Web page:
PLOT: After scientists have created the first man-made black hole in outer space, a blackout seizes the world, followed by the arrival of shiny black “doors” everywhere, which turn out to be portals to… where?
REVIEW: Take a pinch of 2001, a smidge of PRINCE OF DARKNESS, put it in a blender with “The Outer Limits” and “Black Mirror,” and you might get something that looks like PORTALS, which comes to us from the producers of the V/H/S films. Consider it the sci-fi version of that trilogy, although the found footage angle is dropped (thankfully) and there’s a narrative throughline connecting all three stories. The film starts off ambitiously, setting up an engrossing scenario that sees the entire world visited by mysterious doors (that somewhat resemble, probably not by coincidence, the monoliths in 2001) that have unusual, and deadly, effects on people. The stage is set for a series of stories that detail various people’s encounters with the doors, preparing us for the final revelation as to what’s on the other side of them. Ultimately, the movie promises more than it can deliver, not giving us quite the startling sci-fi horror experience we might have hoped for, but it still keeps you more or less interested by the mystery of its scenario and several eerie (and bloody) sequences.
The wrap-around story comes from Liam O’Donnell, who gave us the immortal BEYOND SKYLINE a few years ago. “The Other Side” deals with a man who, while traveling with his wife and daughter to visit his mother-in-law as panic grips the nation over the strange phenomena, crashes into one of the portals, leaving him in a coma and his wife and daughter missing. Once he wakes up in the hospital with a strange infection in his eye, he finds that his doctors might not have his best interests in mind. This segment features a really good performance by lead Neil Hopkins, as a man equally frustrated and frightened by his increasingly harrowing predicament. While I didn’t care much for how this segment wrapped up (which is a theme throughout PORTALS), O’Donnell keeps us invested with his solid protagonist, those creepy doctors and some rather nasty moments.
BLAIR WITCH PROJECT co-director and producer, Eduardo Sanchez and Gregg Hale, respectively, team up for a tale about a 911 call center that is flooded with calls, understandably, at the beginning of the frightening blackout. Not long after, they themselves are visited by one of the ominous portals. Another segment with respectable acting but a shaky narrative, “Call Center” is suspenseful for a while, as one of the call center’s own goes loco and begins talking to… whatever is out there, but the finale isn’t much of a finale, making the segment feel unfinished and half-baked.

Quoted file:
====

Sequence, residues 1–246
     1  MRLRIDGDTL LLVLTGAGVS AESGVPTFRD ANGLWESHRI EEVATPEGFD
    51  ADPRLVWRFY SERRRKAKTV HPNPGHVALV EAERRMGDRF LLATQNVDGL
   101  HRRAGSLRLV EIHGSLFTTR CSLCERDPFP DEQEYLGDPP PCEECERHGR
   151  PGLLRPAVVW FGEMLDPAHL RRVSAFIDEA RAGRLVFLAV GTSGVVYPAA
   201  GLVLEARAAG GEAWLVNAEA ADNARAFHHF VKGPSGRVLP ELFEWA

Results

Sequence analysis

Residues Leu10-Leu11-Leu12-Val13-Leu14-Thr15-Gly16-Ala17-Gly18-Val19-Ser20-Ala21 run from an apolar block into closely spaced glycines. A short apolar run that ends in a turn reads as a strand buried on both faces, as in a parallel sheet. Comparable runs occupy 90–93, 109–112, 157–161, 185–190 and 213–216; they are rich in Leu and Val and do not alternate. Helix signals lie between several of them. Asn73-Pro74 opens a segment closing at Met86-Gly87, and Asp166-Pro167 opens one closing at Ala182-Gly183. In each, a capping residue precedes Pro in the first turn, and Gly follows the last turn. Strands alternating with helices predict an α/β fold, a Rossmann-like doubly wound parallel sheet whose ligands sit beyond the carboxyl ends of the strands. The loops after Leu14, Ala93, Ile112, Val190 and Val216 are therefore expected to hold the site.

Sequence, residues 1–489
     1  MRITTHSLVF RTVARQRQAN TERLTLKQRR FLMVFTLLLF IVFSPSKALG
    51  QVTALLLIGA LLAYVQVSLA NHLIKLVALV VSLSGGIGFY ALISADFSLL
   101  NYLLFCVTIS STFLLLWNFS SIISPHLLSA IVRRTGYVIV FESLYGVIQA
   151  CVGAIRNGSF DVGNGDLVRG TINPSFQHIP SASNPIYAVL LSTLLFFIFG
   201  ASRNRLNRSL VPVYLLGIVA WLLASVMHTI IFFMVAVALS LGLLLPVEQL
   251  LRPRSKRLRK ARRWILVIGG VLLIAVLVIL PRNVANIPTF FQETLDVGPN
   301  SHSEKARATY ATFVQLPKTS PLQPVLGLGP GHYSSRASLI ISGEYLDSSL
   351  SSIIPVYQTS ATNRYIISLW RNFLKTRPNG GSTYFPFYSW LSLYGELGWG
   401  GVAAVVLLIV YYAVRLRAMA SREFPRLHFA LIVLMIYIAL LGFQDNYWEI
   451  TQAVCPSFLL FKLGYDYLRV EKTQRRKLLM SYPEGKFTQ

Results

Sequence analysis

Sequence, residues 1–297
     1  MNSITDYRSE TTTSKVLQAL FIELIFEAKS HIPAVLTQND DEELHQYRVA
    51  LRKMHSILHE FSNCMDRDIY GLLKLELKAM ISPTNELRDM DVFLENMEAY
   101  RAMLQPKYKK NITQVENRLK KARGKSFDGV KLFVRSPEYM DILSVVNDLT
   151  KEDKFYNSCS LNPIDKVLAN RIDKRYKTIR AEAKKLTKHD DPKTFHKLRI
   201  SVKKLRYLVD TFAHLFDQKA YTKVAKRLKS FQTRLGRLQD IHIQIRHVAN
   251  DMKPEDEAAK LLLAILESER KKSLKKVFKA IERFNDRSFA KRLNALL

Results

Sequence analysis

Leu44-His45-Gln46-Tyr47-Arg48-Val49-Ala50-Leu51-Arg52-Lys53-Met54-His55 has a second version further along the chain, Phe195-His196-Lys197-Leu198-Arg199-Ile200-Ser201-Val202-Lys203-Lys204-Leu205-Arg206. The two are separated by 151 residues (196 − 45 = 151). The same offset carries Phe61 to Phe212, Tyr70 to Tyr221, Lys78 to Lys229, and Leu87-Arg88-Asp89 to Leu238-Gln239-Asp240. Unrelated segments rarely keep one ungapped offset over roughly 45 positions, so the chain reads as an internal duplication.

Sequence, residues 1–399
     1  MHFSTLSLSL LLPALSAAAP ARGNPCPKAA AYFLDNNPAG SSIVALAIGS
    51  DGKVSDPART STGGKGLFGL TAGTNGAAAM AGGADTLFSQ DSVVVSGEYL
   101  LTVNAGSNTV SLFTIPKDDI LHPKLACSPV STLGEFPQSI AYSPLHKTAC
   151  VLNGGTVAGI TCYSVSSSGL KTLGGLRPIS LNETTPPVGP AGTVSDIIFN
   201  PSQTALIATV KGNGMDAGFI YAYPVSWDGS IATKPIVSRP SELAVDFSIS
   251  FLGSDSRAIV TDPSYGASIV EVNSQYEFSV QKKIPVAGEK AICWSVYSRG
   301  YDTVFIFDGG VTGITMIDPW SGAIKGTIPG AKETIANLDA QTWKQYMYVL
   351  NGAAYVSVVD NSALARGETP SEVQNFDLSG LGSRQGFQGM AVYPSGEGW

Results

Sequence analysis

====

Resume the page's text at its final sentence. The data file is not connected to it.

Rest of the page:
Finally, we have Timo Tjahjanto’s “Sarah,” which certainly offers up the most visceral thrills of the anthology. Resembling something between the aforementioned PRINCE OF DARKNESS and Tjahjanto’s “Safe Haven” segment from V/H/S 2, “Sarah” plunges us into a nightmare scenario where two feuding sisters find themselves trapped in a parking garage as the blackout gets underway. Stuff gets weird fast as everyone else in the garage start acting like mindless zombies, including one of the sisters. Tjahjanto directs the segment with considerable style, doing one of those “one take” deals (even though the cuts are pretty obvious), and the overall gloomy atmosphere of the affair is pretty effective. Still, “Sarah” suffers from the same syndrome the others do, which is that the script more or less seems to be winging it, showing us strange sights and having its characters act perplexingly to no greater purpose. Weirdness for weirdness’ sake.
For reasons I’m not quite sure I understand, an epilogue pops up during the end credits, something out of a Marvel movie, one tied to a brief prologue. (The movie’s timeline is all out of wack and might have benefitted from a more streamlined approach.) It’s curious, because plenty of viewers will have stopped watching the film by that point, and the mini-segment gives us plenty more to think about regarding the portals, as well as a decent bit of gore. Not much more to say about it, however, because it offers more questions than answers, leaving the viewer more confused than intrigued.
And that’s when we get to the heart of PORTALS’s main problem: we never understand much of anything that’s going on, and the further the movie goes, the less we care. Why did scientists create a black hole in the first place? What, exactly, are these portals’ purpose? Is a sequel necessary to fully understand everything that’s transpired (the epilogue certainly hints at one)? I’m all for ambiguity in a film, but PORTALS comes off like no one had a firm plan in mind; everyone seems to be making it up as they go along. Unfortunately, though PORTALS offers some tantalizing mysteries here and there, some decent performances, and a handful of shocking moments, you’re not likely to be very interested in a follow-up should one be announced.